New 10th gen Intel Core S-Series Processor Launch Intel 10th Gen, worlds fastest gaming processor Best Overclocking Experience Comet Lake Why Frequency Matters Intel Comet Lake Overclocking Enhancements Intel Comet Lake Thinner die, improved IHS Intel Turbo Boost Max Technology 3.0 Intel Core i9-10900K Comet Lake Performance in Games and Creating Optimized for Total War Three Kingdoms Optimized to win Remnant from the Ashes Gaming Partners about Intel 10th Gen Gaming Partners about Intel 10th Gen New Comet Lake Desktop Processor Features 10th Gen Intel Core Desktop Comet Lake Lineup 10th Gen Intel Core Desktop Comet Lake Lineup 10th Gen Intel Core Desktop Comet Lake Lineup 10th Gen Intel Core Desktop Comet Lake Lineup
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203 Comments on Intel 10th Generation Comet Lake Desktop Processors and 400-Series Chipsets Announced, Here's what's New

#76
Braggingrights
Dr_b_
Power Consumption, you can't ignore that.
I heard they could have found the Higgs years earlier but they were worried about power consumption
Posted on Reply
#77
kapone32
Wow that top Intel 10 core is about the same price as the 3900x.
dicktracy
10700KF is the choice for gamers.
That is a very broad statement.
Posted on Reply
#78
Dr_b_
Braggingrights
I heard they could have found the Higgs years earlier but they were worried about power consumption
Electricity isn't free, and 300W+ is a lot of heat. The LHC isn't left on 24x7 either, and is funded by governments, which aren't coincidentally paying for my electric bill. Got any more pointless analogies?
Posted on Reply
#79
Gmr_Chick
Damn, the comments section on this article got me like:



The only thing I will say is that the reviews for these CPUs ought to be REALLY interesting, mostly in regards to thermals.
Posted on Reply
#80
villa07
ppn
i9-9900KF (16M cache, 8 Cores, 16 Threads, 3.60 Ghz) $463
i7-10700KF (16M cache, 8 Cores, 16 Threads, 3.80 GHz) $349
-$114 big savings

Also not that bad at ALL Core 4.00 GHz.
i5-10400F (12M cache, 6 Cores, 12 Threads, 2.90 GHz) $157

Waiting for 7nm WillowCove 2022 Socket 1700
willowcove is still 10nm, should golden cove with 7nm
Posted on Reply
#81
medi01
RandallFlagg
How does the i5-10400 (65W) stack up to the 3600 (65W)?
Check out.
4000 series...
Mainboards...

If you dare...

I hope they come with fire extinguishers... :D
birdie
you have 16 slow cores.
Yeah. "Slow cores".
As in "brought to you by clowns thinking Intel has IPC advantage"
Posted on Reply
#82
SIGSEGV
DOA
Damn, I don't see a good reason to switch over Intel right now. LOL
Posted on Reply
#83
ARF
SIGSEGV
DOA
Damn, I don't see a good reason to switch over Intel right now. LOL
Z490 supports Rocket Lake, while upcoming Ryzen 4000 will be end of road for AM4 X570.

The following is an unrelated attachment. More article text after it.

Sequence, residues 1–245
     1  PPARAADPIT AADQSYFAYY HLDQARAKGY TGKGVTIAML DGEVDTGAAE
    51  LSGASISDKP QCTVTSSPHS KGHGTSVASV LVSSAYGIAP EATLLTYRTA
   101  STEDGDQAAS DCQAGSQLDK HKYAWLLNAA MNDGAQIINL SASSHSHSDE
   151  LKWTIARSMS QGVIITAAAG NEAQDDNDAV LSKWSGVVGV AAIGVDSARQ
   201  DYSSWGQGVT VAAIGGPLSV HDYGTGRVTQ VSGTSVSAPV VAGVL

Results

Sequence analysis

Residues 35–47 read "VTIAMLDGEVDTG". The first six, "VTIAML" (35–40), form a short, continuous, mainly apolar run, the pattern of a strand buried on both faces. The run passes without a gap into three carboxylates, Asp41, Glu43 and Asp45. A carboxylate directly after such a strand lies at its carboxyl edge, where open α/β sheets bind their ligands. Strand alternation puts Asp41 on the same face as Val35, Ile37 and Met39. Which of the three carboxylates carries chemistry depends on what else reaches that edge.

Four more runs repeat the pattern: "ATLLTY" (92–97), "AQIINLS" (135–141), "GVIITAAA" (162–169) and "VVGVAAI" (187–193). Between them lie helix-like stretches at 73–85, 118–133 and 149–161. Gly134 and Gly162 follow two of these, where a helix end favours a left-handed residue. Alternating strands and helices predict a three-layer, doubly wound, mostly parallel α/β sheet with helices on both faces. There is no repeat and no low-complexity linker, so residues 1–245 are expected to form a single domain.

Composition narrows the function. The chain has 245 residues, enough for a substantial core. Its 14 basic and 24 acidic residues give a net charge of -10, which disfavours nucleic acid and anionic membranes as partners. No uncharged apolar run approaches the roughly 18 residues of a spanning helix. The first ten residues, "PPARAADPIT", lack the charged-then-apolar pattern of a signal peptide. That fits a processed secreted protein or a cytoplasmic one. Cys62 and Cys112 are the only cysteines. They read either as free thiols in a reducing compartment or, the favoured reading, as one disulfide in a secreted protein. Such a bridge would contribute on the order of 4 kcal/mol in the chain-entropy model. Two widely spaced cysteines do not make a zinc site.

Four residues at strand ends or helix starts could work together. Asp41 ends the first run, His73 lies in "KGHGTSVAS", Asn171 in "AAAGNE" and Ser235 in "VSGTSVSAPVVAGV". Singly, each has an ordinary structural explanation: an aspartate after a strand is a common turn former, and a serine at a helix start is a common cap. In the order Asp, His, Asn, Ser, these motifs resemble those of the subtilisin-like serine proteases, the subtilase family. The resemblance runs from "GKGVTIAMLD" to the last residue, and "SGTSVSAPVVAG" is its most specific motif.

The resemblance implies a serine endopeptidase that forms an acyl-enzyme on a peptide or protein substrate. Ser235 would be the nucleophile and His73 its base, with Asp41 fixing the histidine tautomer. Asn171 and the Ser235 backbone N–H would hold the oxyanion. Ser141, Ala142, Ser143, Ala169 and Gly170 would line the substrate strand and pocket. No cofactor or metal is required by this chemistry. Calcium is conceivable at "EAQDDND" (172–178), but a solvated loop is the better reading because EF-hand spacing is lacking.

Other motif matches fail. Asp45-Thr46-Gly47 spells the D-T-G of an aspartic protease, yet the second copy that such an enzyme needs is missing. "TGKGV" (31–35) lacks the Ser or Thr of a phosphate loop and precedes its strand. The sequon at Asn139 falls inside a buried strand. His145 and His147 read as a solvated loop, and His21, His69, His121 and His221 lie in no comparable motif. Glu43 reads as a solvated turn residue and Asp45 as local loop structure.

Posted on Reply
#84
Houd.ini
Braggingrights
I heard they could have found the Higgs years earlier but they were worried about power consumption
You think CERN don't care about efficiency?
Posted on Reply
#85
Super XP
Darmok N Jalad
From Anandtech:


These are going to be some hefty motherboards. I’m curious if this will set precedence for future CPU designs.
Any groundbreaking Intel CPU design is years off IMO. We might end up seeing something meaningful sometime in 2022 or 2023.
SIGSEGV
DOA
Damn, I don't see a good reason to switch over Intel right now. LOL
Here's a Red Flag for Intel.
Ryan Shrout was hired for Chief Performance Strategist at Intel. Performance Strategist? Why does Intel need such a thing? To make slow & old processors look nice & shiny on benchmark & performance graphs/slides perhaps? Currently, anything Intel has out to date is pretty much DOA, they will receive the same scrutiny as AMD once did with its Bulldozer release. Even though AMD cleaned that up quite a bit with Piledriver, as Intel also is attempting to clean up its CPUs, they will still be taglined DOA as AMD's Bulldozer back in the day!!!

Chief Performance Strategist is a Red Flag, they should have called it Chief Performance BullShatter!!! :laugh:
dicktracy
10700KF is the choice for gamers.
Nobody should be recommending Intel for gamers when you have better processors out to date called AMD Ryzen 3000 series.
Posted on Reply
#86
efikkan
Super XP
Nobody should be recommending Intel for gamers when you have better processors out to date called AMD Ryzen 3000 series.
This is the kind of biased nonsense we don't need in here.
While Zen 2 certainly have multiple advantages, Intel is still better in workloads like gaming, photo editing, video editing, etc.
The right choice depends on the use case of the computer.
Posted on Reply
#87
Turmania
You can play on i3 10100 or ryzen 3 3100 and you be just fine. Unless you started doing some other tasks as well. There are other factors people should consider, price,power consumption,cooling and system stability etc.
Posted on Reply
#88
ARF
Turmania
You can play on i3 10100 or ryzen 3 3100 and you be just fine. Unless you started doing some other tasks as well. There are other factors people should consider, price,power consumption,cooling and system stability etc.
Ryzen 3 3100 will produce 15-20 less FPS.
Posted on Reply
#89
IamEzio
Braggingrights
If that's sad then almost 2 decades as wannabe's must have been downright tragic for the opposition
This comment can might as well be an extension of Intel's marketing division, even if you hate them with all of your hearth.
They had great products at some point. same as Intel and NVIDIA and for most decent companies.

The 2 tragic things here: